However, recent discoveries of radio relics from state-of-the-art radio observations with unprecedented sensitivity and resolution reveal several discrepancies compared to existing simulations. First, previous simulations have not been able to reproduce extremely large radio relics. Many observed radio relics exhibit the largest linear sizes (LLS) exceeding ≳2 Mpc (e.g., Govoni et al. 2001a; van Weeren et al. 2010, 2013, 2016; Bonafede et al. 2014; Hoang et al. 2021; Knowles et al. 2022; de Gasperin et al. 2022), with the largest radio relic ever detected reaching ∼3.5 Mpc (e.g., Hoang et al. 2021). Second, previous simulations lack the diverse morphology observed in real radio relics. Observations often reveal radio relics that are misaligned with the hypothesized collision axis (e.g., Hallman et al. 2018; Di Gennaro et al. 2023) or present inhomogeneous radio emission (e.g., Shimwell et al. 2015; Hoang et al. 2018). These features suggest an inhomogeneous acceleration efficiency due to the presence of fossil CRe (e.g., Bonafede et al. 2014; Shimwell et al. 2015; van Weeren et al. 2017; Sheardown et al. 2019). In addition, recent observations have identified filamentary substructures, as seen in Abell 2256 (Rajpurohit et al. 2022) and Abell 3667 (de Gasperin et al. 2022), for example, and in “inverted” radio relics. These inverted relics exhibit an arc shape, but are convex toward the center of the cluster, as seen in the Coma cluster (e.g., Bonafede et al. 2022), SPT-CL J2023−5535 (e.g., HyeongHan et al. 2020), Abell 1697 (e.g., van Weeren et al. 2021), the Ant Cluster (e.g., Botteon et al. 2021), and Abell 3266 (e.g., Riseley et al. 2022). Finally, the rarity of the radio relics is still an open question. Recently, Jones et al. (2023) claimed that only two systems out of 46 clusters at z > 0.5 host radio relics, whereas cosmological simulations suggest a significantly larger fraction (∼50%, Nuza et al. 2012).

Simulating these radio relics with a high fidelity in the cosmological context is a challenging task. While bright radio relics are predominantly reported in the most massive clusters with M200c > 1015M (e.g., Jee et al. 2015; Hoang et al. 2021; Di Gennaro et al. 2023), these extreme populations are rare in simulations, and limited by the simulation volume (e.g., Łokas 2023). Given that only a small (≲10%) fraction of clusters are expected to host radio relics (e.g., Kale et al. 2015; Zhou et al. 2022; Jones et al. 2023), a substantial number of clusters must be explored to enable statistically robust analyses and to sample rare morphologies. In addition to the large simulation volume required, the resolution must be high enough to resolve the merger shocks in rarified cluster outskirts. A robust model of radiative physics and AGN/stellar feedback of the cluster galaxies is also required, as they can modify the ICM profile and the merger shocks that propagate in the ICM (e.g., Kang 2015; Zhang et al. 2019).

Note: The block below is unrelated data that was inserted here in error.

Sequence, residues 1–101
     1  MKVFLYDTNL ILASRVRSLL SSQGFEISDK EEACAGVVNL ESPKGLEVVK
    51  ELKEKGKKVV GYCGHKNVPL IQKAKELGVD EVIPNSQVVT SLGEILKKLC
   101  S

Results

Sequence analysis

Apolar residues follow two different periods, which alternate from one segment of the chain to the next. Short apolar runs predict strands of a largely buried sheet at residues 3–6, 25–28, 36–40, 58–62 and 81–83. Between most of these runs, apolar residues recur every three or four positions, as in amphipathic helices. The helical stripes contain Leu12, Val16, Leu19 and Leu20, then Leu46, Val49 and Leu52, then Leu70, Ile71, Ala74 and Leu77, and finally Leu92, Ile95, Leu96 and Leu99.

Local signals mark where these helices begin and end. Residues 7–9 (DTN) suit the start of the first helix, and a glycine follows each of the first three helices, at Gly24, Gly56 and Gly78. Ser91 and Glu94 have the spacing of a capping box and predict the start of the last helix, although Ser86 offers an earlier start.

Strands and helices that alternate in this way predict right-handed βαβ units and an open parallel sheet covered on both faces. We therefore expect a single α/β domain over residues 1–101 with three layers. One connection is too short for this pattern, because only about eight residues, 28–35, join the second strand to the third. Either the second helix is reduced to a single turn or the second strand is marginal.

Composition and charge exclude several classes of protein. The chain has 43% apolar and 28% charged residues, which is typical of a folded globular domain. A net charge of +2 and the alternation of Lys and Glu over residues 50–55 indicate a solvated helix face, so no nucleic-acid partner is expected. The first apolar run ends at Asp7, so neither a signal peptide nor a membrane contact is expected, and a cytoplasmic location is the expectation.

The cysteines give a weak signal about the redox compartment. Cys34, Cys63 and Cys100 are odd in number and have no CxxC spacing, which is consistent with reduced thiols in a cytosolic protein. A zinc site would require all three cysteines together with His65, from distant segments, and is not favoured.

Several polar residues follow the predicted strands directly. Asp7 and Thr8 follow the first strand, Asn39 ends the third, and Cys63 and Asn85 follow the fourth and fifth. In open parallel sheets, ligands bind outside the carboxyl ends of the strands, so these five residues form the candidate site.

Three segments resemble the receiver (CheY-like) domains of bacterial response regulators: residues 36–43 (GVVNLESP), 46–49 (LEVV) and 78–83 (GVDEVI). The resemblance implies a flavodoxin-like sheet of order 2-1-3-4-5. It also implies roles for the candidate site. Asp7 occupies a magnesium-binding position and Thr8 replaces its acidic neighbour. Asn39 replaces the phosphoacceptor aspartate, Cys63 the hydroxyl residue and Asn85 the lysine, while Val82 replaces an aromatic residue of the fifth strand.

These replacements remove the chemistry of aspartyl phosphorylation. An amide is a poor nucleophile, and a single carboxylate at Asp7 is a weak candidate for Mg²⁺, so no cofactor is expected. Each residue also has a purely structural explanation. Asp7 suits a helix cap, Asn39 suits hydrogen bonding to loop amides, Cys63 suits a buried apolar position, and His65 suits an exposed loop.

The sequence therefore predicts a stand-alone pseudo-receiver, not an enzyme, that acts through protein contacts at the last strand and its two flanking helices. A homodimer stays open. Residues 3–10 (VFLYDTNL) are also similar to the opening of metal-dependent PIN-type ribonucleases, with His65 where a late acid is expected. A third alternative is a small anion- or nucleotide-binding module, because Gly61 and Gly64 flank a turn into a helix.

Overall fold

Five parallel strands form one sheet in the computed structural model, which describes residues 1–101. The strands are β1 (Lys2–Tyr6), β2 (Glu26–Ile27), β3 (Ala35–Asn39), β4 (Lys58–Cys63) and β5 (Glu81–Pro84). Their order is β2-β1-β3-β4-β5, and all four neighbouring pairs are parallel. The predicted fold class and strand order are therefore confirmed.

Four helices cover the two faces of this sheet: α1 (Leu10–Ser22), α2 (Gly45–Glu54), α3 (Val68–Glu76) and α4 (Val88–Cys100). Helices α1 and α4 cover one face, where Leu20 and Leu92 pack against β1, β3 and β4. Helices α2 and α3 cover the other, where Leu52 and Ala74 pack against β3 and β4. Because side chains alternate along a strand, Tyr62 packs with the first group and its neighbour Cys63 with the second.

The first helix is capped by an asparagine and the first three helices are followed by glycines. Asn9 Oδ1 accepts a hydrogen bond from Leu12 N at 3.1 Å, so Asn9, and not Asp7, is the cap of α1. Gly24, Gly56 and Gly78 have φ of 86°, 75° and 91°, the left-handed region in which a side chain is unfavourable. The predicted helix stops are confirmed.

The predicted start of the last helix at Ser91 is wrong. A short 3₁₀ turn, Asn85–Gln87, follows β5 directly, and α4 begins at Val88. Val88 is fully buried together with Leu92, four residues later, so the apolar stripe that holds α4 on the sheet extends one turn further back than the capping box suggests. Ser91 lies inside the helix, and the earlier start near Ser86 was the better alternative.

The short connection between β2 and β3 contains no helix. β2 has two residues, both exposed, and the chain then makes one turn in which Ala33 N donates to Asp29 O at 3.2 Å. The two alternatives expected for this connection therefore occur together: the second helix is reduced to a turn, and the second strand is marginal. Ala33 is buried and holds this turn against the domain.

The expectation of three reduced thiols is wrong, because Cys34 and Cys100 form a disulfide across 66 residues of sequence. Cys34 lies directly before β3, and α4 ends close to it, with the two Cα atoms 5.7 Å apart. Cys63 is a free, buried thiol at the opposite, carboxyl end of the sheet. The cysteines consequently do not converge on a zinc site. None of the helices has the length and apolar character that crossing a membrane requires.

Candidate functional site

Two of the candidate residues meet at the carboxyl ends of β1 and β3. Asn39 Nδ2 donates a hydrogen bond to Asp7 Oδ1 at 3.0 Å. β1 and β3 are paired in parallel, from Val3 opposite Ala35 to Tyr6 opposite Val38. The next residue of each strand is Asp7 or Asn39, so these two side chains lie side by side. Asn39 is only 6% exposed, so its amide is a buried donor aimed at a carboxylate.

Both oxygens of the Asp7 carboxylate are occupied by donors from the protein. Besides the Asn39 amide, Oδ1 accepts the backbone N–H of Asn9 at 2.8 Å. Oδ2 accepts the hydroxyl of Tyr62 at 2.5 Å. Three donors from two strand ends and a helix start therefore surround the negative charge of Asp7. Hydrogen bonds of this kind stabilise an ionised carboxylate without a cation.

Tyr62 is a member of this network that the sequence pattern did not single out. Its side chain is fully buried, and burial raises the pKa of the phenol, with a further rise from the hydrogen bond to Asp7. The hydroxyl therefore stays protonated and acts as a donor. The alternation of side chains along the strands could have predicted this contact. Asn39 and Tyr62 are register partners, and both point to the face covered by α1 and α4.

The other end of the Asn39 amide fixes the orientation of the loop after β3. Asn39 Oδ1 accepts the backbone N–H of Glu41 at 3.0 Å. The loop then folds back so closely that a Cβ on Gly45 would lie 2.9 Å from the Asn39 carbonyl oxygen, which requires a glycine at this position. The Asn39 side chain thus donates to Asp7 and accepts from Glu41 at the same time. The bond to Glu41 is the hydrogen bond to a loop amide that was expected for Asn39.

In this paper, we use TNG-Cluster, a new suite of cosmological magnetohydrodynamics zoom-in simulations of 352 massive clusters, to understand the formation of radio relics in the massive cluster mergers. TNG-Cluster adopts the same galaxy formation model and the numerical resolution of the highest resolution run of the TNG300 volume of the IllustrisTNG suite. As we demonstrate, TNG-Cluster provides the largest sample of radio relics ever simulated, including full magnetohydrodynamics and realistic models for galaxy formation and evolution. Based on this archive of massive clusters, we study whether a simple shock acceleration model can explain observed giant radio relics, their morphological diversity, and their low occurrence rate, particularly at high redshift.

This work is part of an introductory series of studies of TNG-Cluster, which aims to demonstrate the scientific potential of the simulation suite in various contexts. Whereas here we focus on the abundance and properties of radio relics from massive cluster mergers, Nelson et al. (2024) introduces the simulation project and showcases the general ICM properties of the simulated clusters. In Pillepich et al. (in prep.), we explore the global and spatially resolved morphologies of the ICM, including pressure waves and feedback-driven bubbles and perturbations. Ayromlou et al. (2023) provides an atlas of the velocity fields of the cluster gas, including line-of-sight velocities, velocity dispersions, and velocity structure functions. In Truong et al. (2024), we forecast the velocity dispersion of Perseus-like cluster cores that will be observed with the XRISM mission (XRISM Science Team 2020). A first look at the cool-core versus non-cool-core populations in TNG-Cluster and their connection to cluster properties is quantified by Lehle et al. (2024), while Rohr et al. (2024) studies the circumgalactic medium of cluster satellites and their observable signatures.